Greater Iran. The literary New
Persian language developed in Khorasan
Transoxiana and gradually supplanted the Parthian language.
Persian literature arose and flourished in Khorasan and
Transoxiana where the early Iranian dynasties such as Tahirids,
Ghaznavids were based.The early Persian poets such as
Rudaki, Shahid Balkhi, Abu al-Abbas Marwazi, Abu Hafas Sughdi, and
others were from Khorasan. Moreover,
Rumi were also from
Until the devastating
Mongol invasion of the thirteenth century,
Khorasan remained the cultural capital of Persia. It has produced
scientists such as Avicenna, Al-Farabi, Al-Biruni, Omar Khayyám,
Abu Ma'shar al-Balkhi (known as Albumasar or Albuxar in
the west), Alfraganus, Abu Wafa, Nasir al-Din al-Tusi, Sharaf al-Dīn
al-Ṭūsī, and many others who are widely well known for their
significant contributions in various domains such as mathematics,
astronomy, medicine, physics, geography, and geology. Khorasan
artisans contributed to the spread of technology and goods along the
ancient trade routes and decorative objects have been traced to this
ancient culture, including art objects, textiles and metalworks.
Decorative antecedents of the famous "singing bowls" of Asia may have
been invented in ancient Khorasan.
In Islamic theology, jurisprudence and philosophy, and in Hadith
collection, many of the greatest Islamic scholars came from Khorasan,
namely Ahmad ibn Hanbal, Abu Hanifa, Imam Bukhari, Imam Muslim, Abu
Dawood, Al-Tirmidhi, Al-Nasa'i, Al-Ghazali, Al-Juwayni, Abu Mansur
Maturidi, Fakhruddin al-Razi, and others. Shaykh Tusi, a Shi'a scholar
and Al-Zamakhshari, the famous Mutazilite scholar, also lived in
^ a compound of khwar (meaning "sun") and āsān (from āyān,
literally meaning "to come" or "coming" or "about to come"). Thus the
name Khorasan (or Khorāyān خورآيان) means "sunrise", viz.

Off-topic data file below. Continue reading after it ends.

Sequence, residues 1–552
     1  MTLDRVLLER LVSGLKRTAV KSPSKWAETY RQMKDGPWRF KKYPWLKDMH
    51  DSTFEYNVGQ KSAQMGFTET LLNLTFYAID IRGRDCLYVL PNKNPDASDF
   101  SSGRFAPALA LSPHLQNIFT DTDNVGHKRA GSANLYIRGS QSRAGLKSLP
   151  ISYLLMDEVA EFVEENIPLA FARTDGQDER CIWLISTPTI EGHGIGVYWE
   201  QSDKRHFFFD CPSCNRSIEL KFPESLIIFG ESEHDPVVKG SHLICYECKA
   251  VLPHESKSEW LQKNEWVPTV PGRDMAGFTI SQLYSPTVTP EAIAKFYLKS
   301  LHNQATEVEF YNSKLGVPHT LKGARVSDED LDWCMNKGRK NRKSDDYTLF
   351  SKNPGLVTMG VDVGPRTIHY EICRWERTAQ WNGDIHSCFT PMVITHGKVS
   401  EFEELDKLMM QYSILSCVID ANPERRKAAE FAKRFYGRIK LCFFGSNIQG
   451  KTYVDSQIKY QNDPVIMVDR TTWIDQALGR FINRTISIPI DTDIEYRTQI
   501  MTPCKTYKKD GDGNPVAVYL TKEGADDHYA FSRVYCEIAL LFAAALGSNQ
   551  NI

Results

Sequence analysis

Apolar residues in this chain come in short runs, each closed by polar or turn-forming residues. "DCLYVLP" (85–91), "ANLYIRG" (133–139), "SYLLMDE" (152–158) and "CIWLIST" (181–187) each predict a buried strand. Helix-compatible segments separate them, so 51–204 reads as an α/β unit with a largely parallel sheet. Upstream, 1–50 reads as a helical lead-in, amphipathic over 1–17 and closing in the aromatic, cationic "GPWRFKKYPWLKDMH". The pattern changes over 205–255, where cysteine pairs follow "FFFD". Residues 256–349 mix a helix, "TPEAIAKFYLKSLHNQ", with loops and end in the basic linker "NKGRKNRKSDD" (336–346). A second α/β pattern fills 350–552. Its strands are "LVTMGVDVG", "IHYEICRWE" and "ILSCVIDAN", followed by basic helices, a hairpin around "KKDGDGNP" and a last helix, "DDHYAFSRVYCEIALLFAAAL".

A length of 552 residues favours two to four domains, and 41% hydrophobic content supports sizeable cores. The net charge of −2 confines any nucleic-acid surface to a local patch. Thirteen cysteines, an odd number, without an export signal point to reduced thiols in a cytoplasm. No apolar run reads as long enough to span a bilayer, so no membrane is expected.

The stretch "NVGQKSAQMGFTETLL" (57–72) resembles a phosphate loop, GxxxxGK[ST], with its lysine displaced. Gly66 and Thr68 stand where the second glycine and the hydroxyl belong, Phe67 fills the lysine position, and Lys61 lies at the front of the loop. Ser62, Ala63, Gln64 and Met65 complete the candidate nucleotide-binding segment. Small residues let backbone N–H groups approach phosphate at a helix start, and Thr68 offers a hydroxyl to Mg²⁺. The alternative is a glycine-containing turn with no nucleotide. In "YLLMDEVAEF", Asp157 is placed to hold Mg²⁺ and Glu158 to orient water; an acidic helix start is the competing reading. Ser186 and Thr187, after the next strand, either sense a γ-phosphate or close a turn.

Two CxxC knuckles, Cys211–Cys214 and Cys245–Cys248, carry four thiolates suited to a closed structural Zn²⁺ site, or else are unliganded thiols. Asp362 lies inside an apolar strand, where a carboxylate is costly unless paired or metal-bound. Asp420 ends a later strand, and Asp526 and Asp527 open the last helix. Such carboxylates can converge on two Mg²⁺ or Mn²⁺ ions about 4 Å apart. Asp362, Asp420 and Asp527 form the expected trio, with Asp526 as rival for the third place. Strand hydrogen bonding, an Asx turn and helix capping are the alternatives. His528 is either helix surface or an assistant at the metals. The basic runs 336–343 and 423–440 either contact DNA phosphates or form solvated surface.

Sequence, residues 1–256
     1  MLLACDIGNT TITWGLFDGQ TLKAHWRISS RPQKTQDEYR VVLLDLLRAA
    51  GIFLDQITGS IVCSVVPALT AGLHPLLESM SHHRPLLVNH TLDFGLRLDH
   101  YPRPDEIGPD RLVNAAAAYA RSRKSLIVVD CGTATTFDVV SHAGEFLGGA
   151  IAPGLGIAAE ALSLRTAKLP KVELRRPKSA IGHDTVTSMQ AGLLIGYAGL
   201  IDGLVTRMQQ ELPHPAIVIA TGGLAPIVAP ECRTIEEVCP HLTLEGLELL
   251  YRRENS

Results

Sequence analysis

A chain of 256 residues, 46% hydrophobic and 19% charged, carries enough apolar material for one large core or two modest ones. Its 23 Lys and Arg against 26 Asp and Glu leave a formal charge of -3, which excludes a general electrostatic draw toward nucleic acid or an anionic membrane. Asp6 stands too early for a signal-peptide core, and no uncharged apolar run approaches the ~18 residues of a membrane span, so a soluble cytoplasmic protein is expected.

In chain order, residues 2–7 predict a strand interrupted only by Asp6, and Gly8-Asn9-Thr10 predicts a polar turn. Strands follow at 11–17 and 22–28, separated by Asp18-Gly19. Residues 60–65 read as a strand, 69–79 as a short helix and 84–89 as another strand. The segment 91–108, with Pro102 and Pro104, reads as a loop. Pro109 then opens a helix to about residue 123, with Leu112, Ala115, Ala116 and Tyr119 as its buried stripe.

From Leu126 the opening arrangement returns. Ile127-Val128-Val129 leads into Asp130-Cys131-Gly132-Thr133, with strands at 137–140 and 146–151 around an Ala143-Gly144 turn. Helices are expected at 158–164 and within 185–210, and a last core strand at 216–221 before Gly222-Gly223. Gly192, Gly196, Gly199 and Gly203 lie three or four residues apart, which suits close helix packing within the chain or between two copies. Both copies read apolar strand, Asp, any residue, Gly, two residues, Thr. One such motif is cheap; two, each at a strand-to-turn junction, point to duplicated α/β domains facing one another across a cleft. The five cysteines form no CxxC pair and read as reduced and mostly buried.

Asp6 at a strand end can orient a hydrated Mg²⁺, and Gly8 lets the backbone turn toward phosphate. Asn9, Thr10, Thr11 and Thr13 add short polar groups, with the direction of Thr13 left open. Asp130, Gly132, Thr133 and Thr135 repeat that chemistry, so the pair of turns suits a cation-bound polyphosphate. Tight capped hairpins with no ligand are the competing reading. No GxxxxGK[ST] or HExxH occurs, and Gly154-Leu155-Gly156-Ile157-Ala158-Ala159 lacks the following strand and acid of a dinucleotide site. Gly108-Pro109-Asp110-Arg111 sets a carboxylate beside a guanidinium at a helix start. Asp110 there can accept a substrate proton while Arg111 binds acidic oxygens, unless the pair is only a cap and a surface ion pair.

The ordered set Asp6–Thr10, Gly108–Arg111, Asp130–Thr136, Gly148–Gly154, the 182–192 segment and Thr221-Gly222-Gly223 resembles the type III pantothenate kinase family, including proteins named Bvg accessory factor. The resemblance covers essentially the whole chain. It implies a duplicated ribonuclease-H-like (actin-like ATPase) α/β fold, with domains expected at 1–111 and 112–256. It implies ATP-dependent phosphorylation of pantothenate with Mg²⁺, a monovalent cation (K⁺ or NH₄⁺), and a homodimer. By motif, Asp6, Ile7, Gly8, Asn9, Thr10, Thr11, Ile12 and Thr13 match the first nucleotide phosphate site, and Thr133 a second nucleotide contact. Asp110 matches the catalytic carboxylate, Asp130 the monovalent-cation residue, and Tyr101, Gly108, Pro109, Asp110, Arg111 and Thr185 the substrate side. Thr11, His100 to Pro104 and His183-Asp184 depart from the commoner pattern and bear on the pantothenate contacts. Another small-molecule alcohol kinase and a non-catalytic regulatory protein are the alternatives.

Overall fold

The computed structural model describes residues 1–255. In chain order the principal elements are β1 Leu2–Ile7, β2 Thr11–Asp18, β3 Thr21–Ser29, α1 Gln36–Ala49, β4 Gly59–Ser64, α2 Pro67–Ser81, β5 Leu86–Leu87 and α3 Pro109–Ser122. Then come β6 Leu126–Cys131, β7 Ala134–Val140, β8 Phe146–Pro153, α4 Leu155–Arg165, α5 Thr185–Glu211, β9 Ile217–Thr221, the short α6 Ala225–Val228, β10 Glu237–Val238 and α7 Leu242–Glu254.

"Orient, East". Humbach, Helmut, and Djelani Davari, "Nāmé
Xorāsān", Johannes Gutenberg-Universität Mainz; Persian translation
by Djelani Davari, published in Iranian Languages Studies Website.
MacKenzie, D. (1971). A concise Pahlavi dictionary (p. 95). London:
Oxford University Press. The Persian word Khāvar-zamīn (Persian:
خاور زمین), meaning "the eastern land", has also been used
as an equivalent term. DehKhoda, "Lughat Nameh DehKhoda" Archived
2011-07-18 at the Wayback Machine.
^ a b Bosworth, C.E. (1986). Encyclopedia of Islam, Vol 5, Khe –
Mahi (New ed.). Leiden [u.a.]: Brill [u.a.] pp. 55–59.
Encyclopædia Britannica Online. Retrieved 2010-10-21.
historical region and realm comprising a vast territory now lying in
northeastern Iran, southern Turkmenistan, and northern Afghanistan.
The historical region extended, along the north, from the Amu Darya
(Oxus River) westward to the
Caspian Sea and, along the south, from
the fringes of the central Iranian deserts eastward to the mountains
of central Afghanistan. Arab geographers even spoke of its extending
to the boundaries of India.
^ a b Zahir ud-Din Mohammad
Babur (1921). "Events Of The Year 910".
Memoirs of Babur. Translated by John Leyden; William Erskine. Packard
Humanities Institute. Retrieved 2010-08-22.
^ Dabeersiaghi, Commentary on Safarnâma-e Nâsir Khusraw, 6th Ed.
Tehran, Zavvâr: 1375 (Solar Hijri Calendar) 235–236
^ a b c Authors, Multiple. "Khurasan". CGIE. Retrieved 9 March
^ DehKhoda, "Lughat Nameh DehKhoda" Archived 2011-07-18 at the Wayback
^ a b Ghubar, Mir Ghulam Mohammad (1937). Khorasan,
House. Kabul, Afghanistan.
^ "42 Buddhist relics discovered in Logar". Maqsood Azizi. Pajhwok
Afghan News. August 18, 2010. Retrieved 2010-08-23.
^ "Buddhist remains found in Afghanistan". Press TV. August 17, 2010.
^ Rippin, Andrew (2013). The Islamic World. Routledge. p. 95.
^ "Last Afghan empire". Louis Dupree,
Nancy Hatch Dupree
Nancy Hatch Dupree and others.
Encyclopædia Britannica. Retrieved 2010-09-24.
^ Axworthy, Michael (2006). The Sword of Persia: Nader Shah, from
Tribal Warrior to Conquering Tyrant. London: I.B. Tauris. p. 50.
ISBN 1-85043-706-8. Retrieved 2010-09-27.
^ Avery, Peter; Hambly, Gavin; Melville, Charles, eds. (1991). The
Cambridge History of
Iran (Vol. 7): From Nadir Shah to the Islamic
Republic. Cambridge University Press. pp. 183, 394–395.
^ Sicker, Martin (1988). The Bear and the Lion: Soviet Imperialism and
Iran. Praeger. p. 14. ISBN 978-0-275-93131-5.
^ Lazard, G., "Dari", Encyclopaedia Iranica
^ Frye, R.N., "Dari", The Encyclopaedia of Islam, CD edition
^ Lorentz, J. Historical Dictionary of Iran. 1995
Provinces of the Sasanian Empire
Garamig ud Nodardashiragan
* indicates shor